The Tales of Hoffmann (BFI Film Classics)

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Notă GoodReads:
en Limba Engleză Paperback – 24 May 2013
The Tales of Hoffmann (1951) is a unique and important film, both in the history of British cinema and in the history of interdisciplinary art-making. It is the first full-throttle presentation of an opera on screen: a Technicolor exploration of romance, fantasy, and failure, more danced than sung.
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ISBN-13: 9781844574469
ISBN-10: 1844574466
Pagini: 120
Ilustrații: 61 colour photos
Dimensiuni: 135 x 190 x 10 mm
Greutate: 0.22 kg
Ediția: 2013
Editura: Bloomsbury Publishing
Colecția British Film Institute
Seria BFI Film Classics

Locul publicării: London, United Kingdom


Author is a highprofile writer of two bestselling guides for academic authors and graduate students and an authority on both cinema and opera

Notă biografică

William P. Germano is Professor of English Literature and Dean of the faculty of humanities and social sciences at the Cooper Union for the Advancement of Science and Art in New York, USA. He is author of Getting It Published (2nd ed., 2008) and From Dissertation to Book (2nd ed., 2013). He is currently writing a book on Shakespeare and opera.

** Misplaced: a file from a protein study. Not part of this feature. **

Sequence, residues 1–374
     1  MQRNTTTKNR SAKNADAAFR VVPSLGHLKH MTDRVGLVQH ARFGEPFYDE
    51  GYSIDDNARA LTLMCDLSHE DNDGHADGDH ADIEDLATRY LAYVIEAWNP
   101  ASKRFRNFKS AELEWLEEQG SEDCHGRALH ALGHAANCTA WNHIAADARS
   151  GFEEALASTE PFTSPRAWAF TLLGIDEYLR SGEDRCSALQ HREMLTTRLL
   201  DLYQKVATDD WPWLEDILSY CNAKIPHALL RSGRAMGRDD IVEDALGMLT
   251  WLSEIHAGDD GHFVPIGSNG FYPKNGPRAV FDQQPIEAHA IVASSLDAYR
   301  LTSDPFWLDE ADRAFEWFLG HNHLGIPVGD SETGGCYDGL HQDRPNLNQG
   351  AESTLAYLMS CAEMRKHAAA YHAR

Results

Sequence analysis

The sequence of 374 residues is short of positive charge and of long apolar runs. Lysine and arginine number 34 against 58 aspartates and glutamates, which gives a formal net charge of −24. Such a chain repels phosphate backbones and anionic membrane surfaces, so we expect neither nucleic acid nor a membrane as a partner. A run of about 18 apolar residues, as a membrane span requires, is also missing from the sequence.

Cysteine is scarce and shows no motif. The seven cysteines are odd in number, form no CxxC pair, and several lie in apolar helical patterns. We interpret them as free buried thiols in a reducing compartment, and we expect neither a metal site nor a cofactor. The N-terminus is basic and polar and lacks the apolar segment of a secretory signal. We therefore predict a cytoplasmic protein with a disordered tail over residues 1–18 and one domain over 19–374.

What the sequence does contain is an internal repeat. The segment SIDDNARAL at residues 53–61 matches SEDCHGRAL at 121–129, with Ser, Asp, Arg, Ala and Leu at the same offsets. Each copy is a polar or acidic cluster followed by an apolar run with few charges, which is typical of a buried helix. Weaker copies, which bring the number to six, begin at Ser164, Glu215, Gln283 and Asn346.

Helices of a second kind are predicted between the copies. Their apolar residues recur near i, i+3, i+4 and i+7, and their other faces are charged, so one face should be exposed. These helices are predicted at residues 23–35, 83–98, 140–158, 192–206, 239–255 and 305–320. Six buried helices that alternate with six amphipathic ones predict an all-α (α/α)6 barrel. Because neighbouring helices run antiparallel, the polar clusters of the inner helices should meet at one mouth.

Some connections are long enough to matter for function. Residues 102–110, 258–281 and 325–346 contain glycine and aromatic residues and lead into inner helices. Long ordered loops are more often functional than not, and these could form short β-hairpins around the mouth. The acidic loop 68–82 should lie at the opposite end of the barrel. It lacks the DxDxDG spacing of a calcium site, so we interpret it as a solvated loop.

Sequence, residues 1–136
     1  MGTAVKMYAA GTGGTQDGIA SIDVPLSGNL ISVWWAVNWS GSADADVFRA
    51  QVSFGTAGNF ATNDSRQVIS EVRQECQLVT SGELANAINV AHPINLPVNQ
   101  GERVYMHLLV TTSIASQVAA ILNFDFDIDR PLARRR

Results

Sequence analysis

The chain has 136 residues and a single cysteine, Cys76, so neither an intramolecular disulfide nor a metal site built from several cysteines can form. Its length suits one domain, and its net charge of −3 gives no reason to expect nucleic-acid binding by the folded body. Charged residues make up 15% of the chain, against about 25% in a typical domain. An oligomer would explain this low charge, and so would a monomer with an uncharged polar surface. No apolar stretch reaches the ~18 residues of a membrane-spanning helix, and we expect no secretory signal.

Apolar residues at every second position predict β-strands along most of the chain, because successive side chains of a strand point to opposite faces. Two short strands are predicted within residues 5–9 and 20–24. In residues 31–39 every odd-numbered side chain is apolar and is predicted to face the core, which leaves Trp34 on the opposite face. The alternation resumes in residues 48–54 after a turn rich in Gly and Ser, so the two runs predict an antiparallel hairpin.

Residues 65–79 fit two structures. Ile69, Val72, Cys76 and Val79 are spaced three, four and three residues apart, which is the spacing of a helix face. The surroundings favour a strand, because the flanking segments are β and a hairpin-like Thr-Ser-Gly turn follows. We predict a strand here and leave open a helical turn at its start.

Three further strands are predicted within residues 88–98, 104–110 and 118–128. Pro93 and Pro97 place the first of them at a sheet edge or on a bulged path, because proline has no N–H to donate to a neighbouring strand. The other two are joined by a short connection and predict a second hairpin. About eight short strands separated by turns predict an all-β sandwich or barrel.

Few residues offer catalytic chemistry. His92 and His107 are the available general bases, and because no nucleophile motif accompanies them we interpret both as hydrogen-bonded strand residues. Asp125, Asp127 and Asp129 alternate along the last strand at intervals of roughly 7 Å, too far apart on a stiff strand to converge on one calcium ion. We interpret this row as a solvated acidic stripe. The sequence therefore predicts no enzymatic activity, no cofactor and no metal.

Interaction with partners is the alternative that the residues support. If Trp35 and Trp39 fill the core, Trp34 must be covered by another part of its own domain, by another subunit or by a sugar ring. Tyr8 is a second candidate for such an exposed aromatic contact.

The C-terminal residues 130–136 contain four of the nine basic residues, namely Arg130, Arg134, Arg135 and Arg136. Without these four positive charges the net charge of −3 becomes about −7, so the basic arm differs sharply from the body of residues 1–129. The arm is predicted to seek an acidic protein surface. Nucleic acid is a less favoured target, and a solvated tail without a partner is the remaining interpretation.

Acknowledgments .- 1. The Archers Take Aim .- 2. Three Tales of and about Hoffmann .- 3. Film and Opera after Hoffman .- Technical Details .- Notes .- Credits .- Bibliography.


Like the best in the BFI Film Classics series, William Germano's study is at once brisk and lush. The book's virtues include how vividly it establishes a context for understanding its subject, a context that includes the opera on which the film is based; the stories on which the opera is based; other films by Powell and Pressburger (most crucially The Red Shoes); other films, from the silent Waxworks to George Romero's zombie cycle; live opera (and here Germano's knowledge is especially deep and illuminating); and painting. The book ranges widely but it also plunges deeply into an engrossing, moment-by-moment descriptive analysis of Powell and Pressburger's film. Here the interdisciplinary approach the author takes infuses his close consideration of such cinematic techniques as camera movements, off-screen space, and editing. Through his intent focus on one film, Germano has produced a rich, tightly circumscribed meditation on much broader subjects, from the nature of cinema to the nature of opera to what happens when the two are interfused in Powell and Pressburger's unique cinematic reworking-and transposition into spatial terms-of the essentially vocal material that is their source. Coupled with the Criterion DVD, Germano's book provides a rare opportunity for a concentrated, sensuous, and intellectual excursion into one of the stranger and more hallucinatory territories ever mapped out on film.